Norway Prime Minister’s mother passes / News / The Foreigner

The Foreigner Norway Prime Minister’s mother passes. Labour (Ap) Prime Minister Jens Stoltenberg has cancelled his official engagements following the death of his mother, Wednesday. “It is with regret that the Prime Minister’s Office must announce that Karin Stoltenberg, the Prime Minister's mother, passed away last night after several months of illness." 80-year-old Mrs Stoltenberg, considered to be one of Norway’s most influential officials, married Thorvald Stoltenberg in 1957.

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Norway Prime Minister’s mother passes

Published on Wednesday, 17th October, 2012 at 11:10 under the news category, by Michael Sandelson   .
Last Updated on 17th October 2012 at 12:30.

Labour (Ap) Prime Minister Jens Stoltenberg has cancelled his official engagements following the death of his mother, Wednesday.



“It is with regret that the Prime Minister’s Office must announce that Karin Stoltenberg, the Prime Minister's mother, passed away last night after several months of illness."

80-year-old Mrs Stoltenberg, considered to be one of Norway’s most influential officials, married Thorvald Stoltenberg in 1957.

Among other posts, he was Norway’s Minister of Defence, Minister of Foreign Affairs, and was assigned the post of Norwegian ambassador to the UN in 1989. He also served as United Nations High Commissioner for Refugees (UNHCR).

Karin Stoltenberg gave birth to three children, Jens, Camilla, and Nini, was the grandmother of four, and regarded as the main architect behind Norway’s family policy from the 1970s.

Educated as a geneticist, she entered the foreign affairs service, and became Labour’s then Deputy Minister of Trade and Shipping in the 1980s, holding her post between 1988 and 1989.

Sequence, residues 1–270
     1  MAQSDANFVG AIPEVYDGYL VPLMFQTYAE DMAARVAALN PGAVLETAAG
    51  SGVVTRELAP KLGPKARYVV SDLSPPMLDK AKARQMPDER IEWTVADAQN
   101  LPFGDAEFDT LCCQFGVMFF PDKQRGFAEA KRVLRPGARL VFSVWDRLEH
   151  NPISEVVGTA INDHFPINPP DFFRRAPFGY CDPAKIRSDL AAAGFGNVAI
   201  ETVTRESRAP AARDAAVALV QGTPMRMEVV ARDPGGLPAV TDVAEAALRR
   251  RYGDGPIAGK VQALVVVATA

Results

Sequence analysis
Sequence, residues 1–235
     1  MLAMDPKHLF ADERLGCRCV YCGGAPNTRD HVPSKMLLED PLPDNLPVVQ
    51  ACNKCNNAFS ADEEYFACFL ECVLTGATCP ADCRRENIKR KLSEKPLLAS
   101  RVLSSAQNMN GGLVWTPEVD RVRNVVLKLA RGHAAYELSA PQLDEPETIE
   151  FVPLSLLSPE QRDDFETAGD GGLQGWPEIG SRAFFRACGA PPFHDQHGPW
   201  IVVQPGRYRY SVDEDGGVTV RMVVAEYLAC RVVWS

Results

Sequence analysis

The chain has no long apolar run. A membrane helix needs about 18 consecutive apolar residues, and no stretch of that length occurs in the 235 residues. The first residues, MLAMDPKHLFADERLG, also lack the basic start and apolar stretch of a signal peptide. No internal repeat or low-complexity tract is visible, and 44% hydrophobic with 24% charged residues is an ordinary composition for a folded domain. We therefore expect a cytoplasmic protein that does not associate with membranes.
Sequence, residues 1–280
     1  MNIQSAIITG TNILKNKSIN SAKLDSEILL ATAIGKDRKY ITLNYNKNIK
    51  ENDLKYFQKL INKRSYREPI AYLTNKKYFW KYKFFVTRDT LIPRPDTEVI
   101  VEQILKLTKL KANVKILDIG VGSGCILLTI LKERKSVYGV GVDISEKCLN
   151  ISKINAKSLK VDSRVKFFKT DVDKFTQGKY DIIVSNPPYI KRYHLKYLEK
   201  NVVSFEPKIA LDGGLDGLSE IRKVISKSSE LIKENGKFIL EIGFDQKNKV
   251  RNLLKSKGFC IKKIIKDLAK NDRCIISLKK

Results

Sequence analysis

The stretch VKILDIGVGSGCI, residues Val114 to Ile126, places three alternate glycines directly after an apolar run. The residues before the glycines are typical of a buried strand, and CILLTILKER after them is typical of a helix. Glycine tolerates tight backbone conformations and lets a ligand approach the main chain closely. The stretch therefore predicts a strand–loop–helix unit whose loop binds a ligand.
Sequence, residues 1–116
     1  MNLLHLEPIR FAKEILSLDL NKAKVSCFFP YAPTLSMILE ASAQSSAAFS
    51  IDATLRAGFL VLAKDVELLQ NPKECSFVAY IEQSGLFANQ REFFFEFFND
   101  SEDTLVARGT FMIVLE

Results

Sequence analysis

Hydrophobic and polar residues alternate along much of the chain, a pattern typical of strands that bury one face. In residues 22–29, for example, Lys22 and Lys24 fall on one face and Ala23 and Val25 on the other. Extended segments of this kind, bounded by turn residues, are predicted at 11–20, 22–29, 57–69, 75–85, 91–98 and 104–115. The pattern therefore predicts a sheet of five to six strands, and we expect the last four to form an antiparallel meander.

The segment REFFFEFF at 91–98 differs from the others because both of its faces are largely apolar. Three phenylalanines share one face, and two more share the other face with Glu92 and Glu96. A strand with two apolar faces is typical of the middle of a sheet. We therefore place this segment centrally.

Mrs Stoltenberg also worked at what used to be known as the Ministry of Children and Family, present day Ministry of Children, Equality, and Social Inclusion.

As one of the founders of both the Equality and Partnership Acts, she authored the whitepaper on abortion, regarded as groundbreaking at the time.

“The major difference in the lives of women is access to contraception and abortion. It has changed women's lives more fundamentally than anything else has,” she told Norwegian broadcaster NRK. “What we call emancipation could not have occurred whatsoever without control over their own fertility.”

During a radio documentary in May this year, Mrs Stoltenberg related she did not really enjoy politics, however.

“I need to have peace and quiet and enjoy being in the shade. I thought I was a good bureaucrat. To me, bureaucrat is an honorary designation.”



Published on Wednesday, 17th October, 2012 at 11:10 under the news category, by Michael Sandelson   .
Last updated on 17th October 2012 at 12:30.

This post has the following tags: norwayprimeminister, jensstoltenberg, stoltenbergmotherpassing.





  
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